On 30 March a transsexual man in Barcelona, 25, was announced to be reportedly the first in Spain to be pregnant with twins. In a Europe with a full spectrum of languages, traditions and ethnic identities, sexual identities remain black and white. In an age in which ‘flexibility’ and ‘individuality’ have become buzzwords, it is astounding that ‘man’ and ‘woman’ are immobile categories to which we attribute certain characteristics
Queer as transsexual Europe
(Image: ©Miss K/ flickr.com/photos/dragnet)
Where does man begin and woman end? It’s not an easy one to answer. What determines our sexual identity? Mode of behaviour? Our sexual partner? Or the midwife in the hospital when we are born? If there really are two purely ‘biological’ sexes, then where do we put intersexual people, who possess both male and female sexual characteristics?
Where do we put intersexual people, who possess both male and female sexual characteristics?
Heterosexuality and unambiguous sexual images remain deeply embedded in European societies. People who do not fit in with prevailing ideas, and who are unwilling or unable to squeeze their identity into the tight corset of the two sexes, are still forced to battle prejudice and discrimination in today’s Europe. Prejudice ranges from physical aggression and verbal abuse in public to well-concealed contempt in every day life. ‘Whenever I cross the university campus with my girlfriend we can both feel the irritated glances. I don’t understand why students of our generation seem to still have a problem with it,’ says Alina, a 21-year-old from Munich, with indignation. ‘It’s annoying of course, but I don’t see why we should have to hide our love because of it.’
‘Discrimination stems from ignorance’
| (Image: ©Mrs B (aka Chi)/ Flickr)This kind of intolerant behaviour occurs mostly through ignorance and a lack of sensitivity. All those people whose lifestyle queers the heterosexual ‘norm’ are still invisible. The European film and TV scene, for example, either makes no space for such people, or gives them an ‘exotic’ status. Adverts in Poland, France and Italy are dominated by male-female relationships, unambiguity simply sells better. Cornelia calls this ‘simple commercial logic’. Born a man in Germany, she is now involved with an organisation called TaPaGeS in Strasbourg which fights for the political rights of lesbian, gay, bisexual and transsexual people, and another called STS, originally a support organisation for transsexual people, but which is now increasingly active politically. She says it is ‘nice to heal the wounds which trans-phobic society has created, but it is the causes which must be addressed and not just the symptoms.’ Discrimination feeds off ignorance and people are willing to learn. Cornelia has discovered this first-hand through ‘street work’. Direct contact makes prejudice easier to dismantle.
Different nations, different realities
The work of NGOs like Trans Gender Europe, which works for increased rights for transsexual people on a European level, is exceptionally important. This organisation cooperates with groups from across Europe and demands among other things the free choice of first name, and its establishment in all papers and documents, for those who do not identify with their biological sex. A further declared goal is to support European organizations in raising people‘s awareness and sensitivity.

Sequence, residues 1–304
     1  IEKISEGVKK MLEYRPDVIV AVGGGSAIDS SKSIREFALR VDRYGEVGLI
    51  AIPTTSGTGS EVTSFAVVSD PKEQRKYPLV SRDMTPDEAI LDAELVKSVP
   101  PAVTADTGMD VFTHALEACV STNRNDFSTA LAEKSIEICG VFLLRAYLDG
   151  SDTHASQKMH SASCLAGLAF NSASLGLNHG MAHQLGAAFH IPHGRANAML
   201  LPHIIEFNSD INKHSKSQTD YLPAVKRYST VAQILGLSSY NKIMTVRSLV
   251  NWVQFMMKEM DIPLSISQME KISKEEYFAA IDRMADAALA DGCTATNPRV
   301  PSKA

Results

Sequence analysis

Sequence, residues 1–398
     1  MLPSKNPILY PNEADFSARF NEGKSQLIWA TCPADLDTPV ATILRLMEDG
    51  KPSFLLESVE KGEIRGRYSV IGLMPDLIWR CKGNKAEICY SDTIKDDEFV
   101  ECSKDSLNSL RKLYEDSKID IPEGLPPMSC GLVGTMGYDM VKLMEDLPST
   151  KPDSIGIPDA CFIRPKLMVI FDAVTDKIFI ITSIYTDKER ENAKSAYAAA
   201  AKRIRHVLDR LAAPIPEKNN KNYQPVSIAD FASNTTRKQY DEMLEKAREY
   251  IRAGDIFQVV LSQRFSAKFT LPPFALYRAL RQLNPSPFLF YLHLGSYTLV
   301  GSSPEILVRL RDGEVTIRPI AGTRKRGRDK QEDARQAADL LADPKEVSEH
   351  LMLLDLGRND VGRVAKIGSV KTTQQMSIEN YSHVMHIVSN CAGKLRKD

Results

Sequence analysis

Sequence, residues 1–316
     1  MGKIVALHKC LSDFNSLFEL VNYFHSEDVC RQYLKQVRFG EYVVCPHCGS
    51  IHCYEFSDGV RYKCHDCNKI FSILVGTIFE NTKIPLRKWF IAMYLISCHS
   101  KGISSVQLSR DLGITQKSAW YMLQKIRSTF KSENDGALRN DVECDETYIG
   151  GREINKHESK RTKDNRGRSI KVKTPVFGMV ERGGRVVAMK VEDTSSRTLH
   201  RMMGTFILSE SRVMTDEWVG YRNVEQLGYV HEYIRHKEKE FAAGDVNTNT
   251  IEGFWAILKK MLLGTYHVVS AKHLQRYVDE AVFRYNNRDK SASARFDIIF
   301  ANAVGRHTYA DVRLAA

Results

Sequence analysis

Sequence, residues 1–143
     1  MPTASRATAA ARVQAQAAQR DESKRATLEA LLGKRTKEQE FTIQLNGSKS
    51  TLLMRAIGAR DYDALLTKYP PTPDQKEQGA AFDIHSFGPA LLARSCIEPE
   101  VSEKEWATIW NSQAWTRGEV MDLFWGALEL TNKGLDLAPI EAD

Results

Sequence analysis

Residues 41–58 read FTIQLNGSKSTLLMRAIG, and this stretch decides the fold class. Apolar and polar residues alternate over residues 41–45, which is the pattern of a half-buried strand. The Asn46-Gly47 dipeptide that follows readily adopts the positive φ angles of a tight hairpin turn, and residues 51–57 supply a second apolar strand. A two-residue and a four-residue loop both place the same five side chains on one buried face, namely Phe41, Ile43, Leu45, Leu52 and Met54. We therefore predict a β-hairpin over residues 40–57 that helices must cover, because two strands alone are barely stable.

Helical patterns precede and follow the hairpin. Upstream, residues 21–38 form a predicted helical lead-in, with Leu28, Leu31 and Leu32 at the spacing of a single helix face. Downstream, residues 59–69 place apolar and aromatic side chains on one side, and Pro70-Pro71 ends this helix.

‘France is the most trans-phobic state in the EU’
Creating a network of local NGOs and associations on a European level is not without its difficulties. Even when they agree on their major goals, the practical demands are mostly restricted to the frame of the nation-state. This ‘mutual failure to recognise the specific situation’ makes joint mobilisation against oppressive legal codes impossible. According to Cornelia, France is ‘the most trans-phobic state in the EU.’ The fear of discriminatory measures from the French government means they are unable to make the same demands as queer movements in Germany and Britain, for example. The EU has recognised the problem and issued important guidelines on the fight for equal rights and recognition, for example the creation of a transgender law, to put an end to the arbitrary use of bureaucratic power. Except these guidelines are either ignored or only partially implemented on the national level. ‘Where is the executive power?’ asks Cornelia, clearly annoyed.
Transnational solidarity network
Communication between European groups functions well, however, as soon as queer organisations or movements are threatened anywhere in Europe. When the Turkish government decided last year to ban the registered organisation Lamda Istanbul, which works for the interests of homosexual, transgender and transsexual people, support and solidarity came from all parts of Europe. Within 24 hours the message had been spread across independent media. Signatures were collected across Europe against the organisation’s closure, and in Berlin people went spontaneously onto the streets. Even at the European parliament and European council targetted signs are placed by activists as a reminder of the European values of freedom and equality. Whether straight, gay, bi, trans or queer, we will only attain a modern Europe, united in diversity, when all people are integrated, respected and enjoy the same rights.
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